We carried out an observational study according to a retrospective approach. The study protocol and the related informed consent form were approved by the local Ethical Review Board (protocol study number: 1382/20).
Our research primarily aimed at evaluating the impact of the extraordinary measures issued by the Italian MoH concerning the occurrence of infections at the surgical site in patients undergoing elective breast cancer surgery. To this purpose, two patients’ cohorts were retrospectively identified and compared according to the methods reported below.
The data herein analyzed and presented relate to breast cancer patients with an indication to non-deferrable breast surgery according to the Guidelines for Surgical Care released by the American College of Surgeons (ACS)2 (Table 1). We also judged suitable for inclusion those breast cancer patients whose diagnosis had been made more than 1 month before. On this basis, the original table issued by the ACS has been enriched by this additional criterion, reported in the bottom row. Breast cancer patients who contributed data to our analysis were from 2 cohorts, namely, cohort 1, the lockdown cohort (LDC), and cohort 2, the non-lockdown cohort (NLDC). For patients from both these cohorts, a minimum 12-month follow up from breast surgery was required. Patients from the LDC underwent breast cancer surgery between the 15th March 2020 and the 4th May 2020. Within this latter time frame, an ad hoc multi-disciplinary team oversaw the selection of breast cancer patients undergoing surgery according to the previously cited criteria. To this aim, weekly meetings were held. One single representative member for each of the following professional figures was involved: a general surgeon, oncologist, radiotherapist and plastic surgeon. Adequate social distance and mask wearing were constantly respected10.
Patients from the LDC were compared with patients from the NLDC, i.e., patients having undergone non-deferrable breast cancer surgery and whose diagnosis had been made within the same time window postponed to the year 2019, i.e., between the15th March 2019 and 4th May 2019. Patients were deemed not eligible and excluded if one or more among the following characteristic/s was/were represented: aged 80 years or older, diagnosed with autoimmune disorders, in course of therapy with steroids and/or within the past 6 months, American Society of Anesthesiologists (ASA) score equal to/greater than (≥) 4, body mass index (BMI) equal to greater than 35, kidney/liver/bone marrow failure. Ad hoc, pre-piloted forms were used for data retrieving from medical records. Data extraction was performed by specifically trained personnel and focused on demographic features, relevant clinical and pathological characteristics, ASA score, type and exact duration of surgery, drains, pre-surgical therapy/ies and co-morbidities.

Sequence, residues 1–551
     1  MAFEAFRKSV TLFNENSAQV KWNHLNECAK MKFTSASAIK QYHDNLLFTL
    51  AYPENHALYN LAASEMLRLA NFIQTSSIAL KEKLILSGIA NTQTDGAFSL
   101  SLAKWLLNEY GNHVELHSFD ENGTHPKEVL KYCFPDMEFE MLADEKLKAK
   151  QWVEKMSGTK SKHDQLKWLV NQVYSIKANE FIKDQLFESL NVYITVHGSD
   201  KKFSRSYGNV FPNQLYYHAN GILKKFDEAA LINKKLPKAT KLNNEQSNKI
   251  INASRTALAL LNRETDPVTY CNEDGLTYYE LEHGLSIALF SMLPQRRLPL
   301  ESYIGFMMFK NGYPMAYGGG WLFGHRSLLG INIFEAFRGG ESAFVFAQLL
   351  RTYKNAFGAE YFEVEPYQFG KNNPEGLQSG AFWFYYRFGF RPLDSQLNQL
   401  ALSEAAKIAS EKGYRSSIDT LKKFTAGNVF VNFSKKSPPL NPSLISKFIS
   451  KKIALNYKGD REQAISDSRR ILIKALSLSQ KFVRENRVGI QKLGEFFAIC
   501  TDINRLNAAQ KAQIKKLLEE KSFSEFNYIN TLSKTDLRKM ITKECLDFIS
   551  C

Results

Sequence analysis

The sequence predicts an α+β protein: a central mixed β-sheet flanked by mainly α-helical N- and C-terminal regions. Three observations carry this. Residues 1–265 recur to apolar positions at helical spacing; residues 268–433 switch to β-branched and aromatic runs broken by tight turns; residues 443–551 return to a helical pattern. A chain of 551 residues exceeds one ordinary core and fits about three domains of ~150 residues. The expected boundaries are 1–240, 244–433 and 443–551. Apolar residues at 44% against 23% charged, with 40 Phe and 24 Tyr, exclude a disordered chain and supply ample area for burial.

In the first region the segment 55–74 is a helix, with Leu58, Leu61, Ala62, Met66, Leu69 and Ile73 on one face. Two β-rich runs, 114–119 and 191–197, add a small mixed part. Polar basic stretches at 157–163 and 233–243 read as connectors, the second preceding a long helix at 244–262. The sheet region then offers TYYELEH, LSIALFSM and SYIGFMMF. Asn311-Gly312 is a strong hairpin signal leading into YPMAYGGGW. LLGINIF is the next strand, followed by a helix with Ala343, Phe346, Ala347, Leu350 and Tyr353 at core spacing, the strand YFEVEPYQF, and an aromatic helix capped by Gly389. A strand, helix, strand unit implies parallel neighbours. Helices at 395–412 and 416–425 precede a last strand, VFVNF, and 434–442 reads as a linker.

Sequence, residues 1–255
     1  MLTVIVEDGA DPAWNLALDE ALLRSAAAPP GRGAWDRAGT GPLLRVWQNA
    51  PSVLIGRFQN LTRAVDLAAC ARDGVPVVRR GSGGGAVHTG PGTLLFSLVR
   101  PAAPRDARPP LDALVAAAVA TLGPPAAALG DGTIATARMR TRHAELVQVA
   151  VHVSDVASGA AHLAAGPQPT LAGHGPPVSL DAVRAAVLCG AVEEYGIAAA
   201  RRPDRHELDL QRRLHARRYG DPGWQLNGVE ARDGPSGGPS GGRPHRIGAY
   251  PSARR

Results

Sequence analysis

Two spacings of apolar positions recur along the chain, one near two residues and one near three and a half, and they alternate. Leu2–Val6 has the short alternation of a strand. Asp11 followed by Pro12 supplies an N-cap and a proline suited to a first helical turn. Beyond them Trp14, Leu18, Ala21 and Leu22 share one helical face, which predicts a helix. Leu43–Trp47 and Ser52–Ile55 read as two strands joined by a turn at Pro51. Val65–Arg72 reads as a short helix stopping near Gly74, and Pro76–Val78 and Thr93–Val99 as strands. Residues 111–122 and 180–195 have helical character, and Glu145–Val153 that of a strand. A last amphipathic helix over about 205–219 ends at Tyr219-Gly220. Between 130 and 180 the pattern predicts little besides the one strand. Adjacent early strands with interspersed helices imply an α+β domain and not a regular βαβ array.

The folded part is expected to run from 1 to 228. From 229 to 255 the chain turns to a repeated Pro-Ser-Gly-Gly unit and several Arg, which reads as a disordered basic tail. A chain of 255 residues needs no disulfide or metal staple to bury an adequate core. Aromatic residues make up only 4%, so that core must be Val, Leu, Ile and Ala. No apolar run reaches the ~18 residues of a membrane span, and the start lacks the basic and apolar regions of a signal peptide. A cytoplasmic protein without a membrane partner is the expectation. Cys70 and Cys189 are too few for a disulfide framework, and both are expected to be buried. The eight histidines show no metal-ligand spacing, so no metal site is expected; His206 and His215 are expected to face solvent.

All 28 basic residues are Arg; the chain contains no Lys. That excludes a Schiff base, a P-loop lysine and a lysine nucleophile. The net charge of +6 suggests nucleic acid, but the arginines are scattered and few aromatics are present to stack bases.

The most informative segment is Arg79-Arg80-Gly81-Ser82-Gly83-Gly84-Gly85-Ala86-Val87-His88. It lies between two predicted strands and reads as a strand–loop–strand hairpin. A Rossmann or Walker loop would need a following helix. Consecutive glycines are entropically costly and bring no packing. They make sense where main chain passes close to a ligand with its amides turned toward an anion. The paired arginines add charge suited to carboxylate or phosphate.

For all the patients who contributed data to the present analysis, breast surgery was performed by the same team. In addition, postsurgical controls were performed regularly and, as already mentioned, for a minimum of 12-months. The interval length between consecutive controls varied mainly on the basis of breast implants positioning. Indeed, in the presence of implants, controls were set biweekly over the first three months and every two weeks for two additional months. Conversely, if no implants had been placed, controls were scheduled twice per week for a minimum of 30 days. A culture specimen was collected when an infected wound was suspected by the surgeon or in case of pain or tissue tenderness, swelling, redness or heat, purulent drainage or body temperature > 38°C. SSIs were defined according to the criteria established by the Center for Disease Control and Prevention (CDC): purulent drainage (CDC#1), a positive aseptically collected culture, (CDC#2), at least one sign of inflammation with opening of the incision and absence of a negative culture (CDC#3), or physician diagnosis of infection (CDC#4)11.
The time elapsed between breast surgery and infection onset, prior therapy/ies (either medical or surgical), the need of re-hospitalization, and the impact on the postsurgical treatment administration were all recorded for each case of SSIs.
The present analysis does not include data from patients who were referred to other ambulatories following surgery or for whom the post-surgical controls were partially or totally unfeasible. The peri-operative measures routinely in place at our Surgical Division for the prevention of SSIs are fully consistent with the related recommendations from the World Health Organization (WHO) and have not changed over the last two years12 (Table 2). The measures adopted by the health care management team during the lockdown period in terms of limiting hospital accesses, sanitizing common areas such as ambulatories, waiting rooms and surgical rooms, interpersonal distancing, and use of individual protective devices are summarized in Table 3.
Results were reported as means, medians, standard deviations and ranges if related to quantitative variables, while qualitative variables will be reported as absolute frequencies. Associations were estimated throughout chi-square or fisher exact test. For quantitative variables, groups were compared by Mann-Whitney test. All the analyses were performed using the SPSS 21.0 software (SPSS Inc., Chicago, Illinois, USA).
Informed consent was obtained from all patients participating in the study. The research was conducted according to the principles established by the Declaration of Helsinki.